Elites throughout the West are living a lie, basing the futures of their societies on the assumption that all groups of people are equal in all respects. Lie is a strong word, but justified. It is a lie because so many elite politicians who profess to believe it in public do not believe it in private. It is a lie because so many elite scholars choose to ignore what is already known and choose not to inquire into what they suspect. We enable ourselves to continue to live the lie by establishing a taboo against discussion of group differences.
The taboo is not perfect—otherwise, I would not have been able to document this essay—but it is powerful. Witness how few of Harvard’s faculty who understood the state of knowledge about sex differences were willing to speak out during the Summers affair. In the public-policy debate, witness the contorted ways in which even the opponents of policies like affirmative action frame their arguments so that no one can accuse them of saying that women are different from men or blacks from whites. Witness the unwillingness of the mainstream media to discuss group differences without assuring readers that the differences will disappear when the world becomes a better place.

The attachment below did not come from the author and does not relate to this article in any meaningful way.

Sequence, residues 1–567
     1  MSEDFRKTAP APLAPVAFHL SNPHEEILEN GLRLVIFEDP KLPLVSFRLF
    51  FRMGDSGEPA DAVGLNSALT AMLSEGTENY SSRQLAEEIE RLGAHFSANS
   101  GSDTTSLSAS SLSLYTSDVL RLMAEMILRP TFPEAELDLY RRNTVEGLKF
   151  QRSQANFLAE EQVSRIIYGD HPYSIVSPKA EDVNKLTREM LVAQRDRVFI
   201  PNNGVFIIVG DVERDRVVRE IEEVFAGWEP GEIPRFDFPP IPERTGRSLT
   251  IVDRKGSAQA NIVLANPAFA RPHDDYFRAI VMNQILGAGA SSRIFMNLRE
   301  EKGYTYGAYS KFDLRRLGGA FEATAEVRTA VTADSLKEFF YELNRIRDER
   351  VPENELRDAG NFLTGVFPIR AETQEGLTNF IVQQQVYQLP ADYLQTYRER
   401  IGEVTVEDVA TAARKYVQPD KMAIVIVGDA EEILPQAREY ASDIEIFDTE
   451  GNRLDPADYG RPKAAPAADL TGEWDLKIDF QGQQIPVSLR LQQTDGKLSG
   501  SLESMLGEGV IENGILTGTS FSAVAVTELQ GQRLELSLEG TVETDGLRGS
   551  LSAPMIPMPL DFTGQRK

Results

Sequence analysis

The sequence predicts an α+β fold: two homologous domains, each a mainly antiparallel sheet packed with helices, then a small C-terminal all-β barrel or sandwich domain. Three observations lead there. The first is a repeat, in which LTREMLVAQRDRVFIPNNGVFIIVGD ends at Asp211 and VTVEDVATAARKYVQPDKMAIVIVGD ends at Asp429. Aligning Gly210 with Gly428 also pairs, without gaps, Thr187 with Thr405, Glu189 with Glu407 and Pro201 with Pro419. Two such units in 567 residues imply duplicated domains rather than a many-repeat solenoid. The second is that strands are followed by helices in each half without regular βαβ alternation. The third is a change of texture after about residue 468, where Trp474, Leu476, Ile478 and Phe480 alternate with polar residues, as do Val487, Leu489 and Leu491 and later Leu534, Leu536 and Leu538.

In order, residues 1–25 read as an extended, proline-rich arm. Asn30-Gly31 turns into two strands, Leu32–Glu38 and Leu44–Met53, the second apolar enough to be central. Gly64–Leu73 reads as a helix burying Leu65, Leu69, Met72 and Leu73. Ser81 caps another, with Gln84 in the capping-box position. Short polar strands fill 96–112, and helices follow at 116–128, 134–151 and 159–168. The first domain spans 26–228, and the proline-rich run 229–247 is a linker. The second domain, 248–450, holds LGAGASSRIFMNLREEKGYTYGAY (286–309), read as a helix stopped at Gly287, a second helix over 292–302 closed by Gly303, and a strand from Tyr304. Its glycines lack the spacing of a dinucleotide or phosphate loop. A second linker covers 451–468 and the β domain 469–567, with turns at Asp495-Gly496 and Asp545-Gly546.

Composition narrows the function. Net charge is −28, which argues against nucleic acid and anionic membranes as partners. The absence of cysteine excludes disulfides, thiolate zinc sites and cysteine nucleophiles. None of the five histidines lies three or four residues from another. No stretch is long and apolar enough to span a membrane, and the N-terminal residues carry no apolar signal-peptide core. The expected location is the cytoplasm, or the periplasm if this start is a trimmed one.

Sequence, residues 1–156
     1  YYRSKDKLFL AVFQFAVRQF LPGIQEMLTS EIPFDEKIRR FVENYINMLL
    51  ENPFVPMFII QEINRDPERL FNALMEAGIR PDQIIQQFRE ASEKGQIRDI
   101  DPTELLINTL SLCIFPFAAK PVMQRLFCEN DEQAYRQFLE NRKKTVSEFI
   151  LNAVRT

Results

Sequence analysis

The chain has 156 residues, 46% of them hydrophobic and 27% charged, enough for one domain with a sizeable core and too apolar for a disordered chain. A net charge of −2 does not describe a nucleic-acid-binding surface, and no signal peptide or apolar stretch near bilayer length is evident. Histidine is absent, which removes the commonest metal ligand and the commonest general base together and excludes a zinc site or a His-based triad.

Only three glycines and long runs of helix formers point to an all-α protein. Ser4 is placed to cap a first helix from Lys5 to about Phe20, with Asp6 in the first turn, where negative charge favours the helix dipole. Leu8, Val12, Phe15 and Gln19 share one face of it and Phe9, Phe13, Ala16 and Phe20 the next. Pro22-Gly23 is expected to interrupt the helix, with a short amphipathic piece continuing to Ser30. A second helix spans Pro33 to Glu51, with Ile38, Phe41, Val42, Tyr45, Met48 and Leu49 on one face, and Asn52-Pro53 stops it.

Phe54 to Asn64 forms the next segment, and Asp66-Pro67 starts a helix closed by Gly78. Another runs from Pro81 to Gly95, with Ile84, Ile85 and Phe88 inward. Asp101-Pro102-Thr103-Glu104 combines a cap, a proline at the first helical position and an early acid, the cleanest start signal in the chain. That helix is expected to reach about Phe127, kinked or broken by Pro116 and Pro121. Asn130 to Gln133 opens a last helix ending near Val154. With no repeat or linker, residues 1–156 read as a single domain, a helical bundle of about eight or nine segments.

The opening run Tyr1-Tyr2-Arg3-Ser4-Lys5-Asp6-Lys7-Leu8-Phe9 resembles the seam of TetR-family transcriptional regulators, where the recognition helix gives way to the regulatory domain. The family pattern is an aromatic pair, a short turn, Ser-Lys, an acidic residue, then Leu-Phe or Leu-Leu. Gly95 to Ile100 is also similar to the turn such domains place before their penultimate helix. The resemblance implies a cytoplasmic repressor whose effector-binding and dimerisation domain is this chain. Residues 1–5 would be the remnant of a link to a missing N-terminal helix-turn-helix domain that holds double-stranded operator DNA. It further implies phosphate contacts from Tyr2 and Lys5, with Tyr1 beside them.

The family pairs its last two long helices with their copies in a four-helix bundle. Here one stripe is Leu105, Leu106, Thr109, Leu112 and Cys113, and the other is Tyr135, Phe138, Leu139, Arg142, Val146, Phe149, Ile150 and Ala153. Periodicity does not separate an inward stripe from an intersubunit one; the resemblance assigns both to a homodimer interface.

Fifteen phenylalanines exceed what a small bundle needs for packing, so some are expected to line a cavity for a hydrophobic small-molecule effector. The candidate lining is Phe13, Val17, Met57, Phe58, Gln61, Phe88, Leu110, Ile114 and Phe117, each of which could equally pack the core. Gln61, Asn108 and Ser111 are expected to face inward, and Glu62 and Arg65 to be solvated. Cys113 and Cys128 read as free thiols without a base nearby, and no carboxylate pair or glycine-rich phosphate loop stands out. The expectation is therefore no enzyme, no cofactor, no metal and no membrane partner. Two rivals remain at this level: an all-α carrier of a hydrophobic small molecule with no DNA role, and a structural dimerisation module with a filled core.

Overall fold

The taboo arises from an admirable idealism about human equality. If it did no harm, or if the harm it did were minor, there would be no need to write about it. But taboos have consequences.
The nature of many of the consequences must be a matter of conjecture because people are so fearful of exploring them. (76) Consider an observation furtively voiced by many who interact with civil servants: that government is riddled with people who have been promoted to their level of incompetence because of pressure to have a staff with the correct sex and ethnicity in the correct proportions and positions. Are these just anecdotes? Or should we be worrying about the effects of affirmative action on the quality of government services? (77) It would be helpful to know the answers, but we will not so long as the taboo against talking about group difference prevails.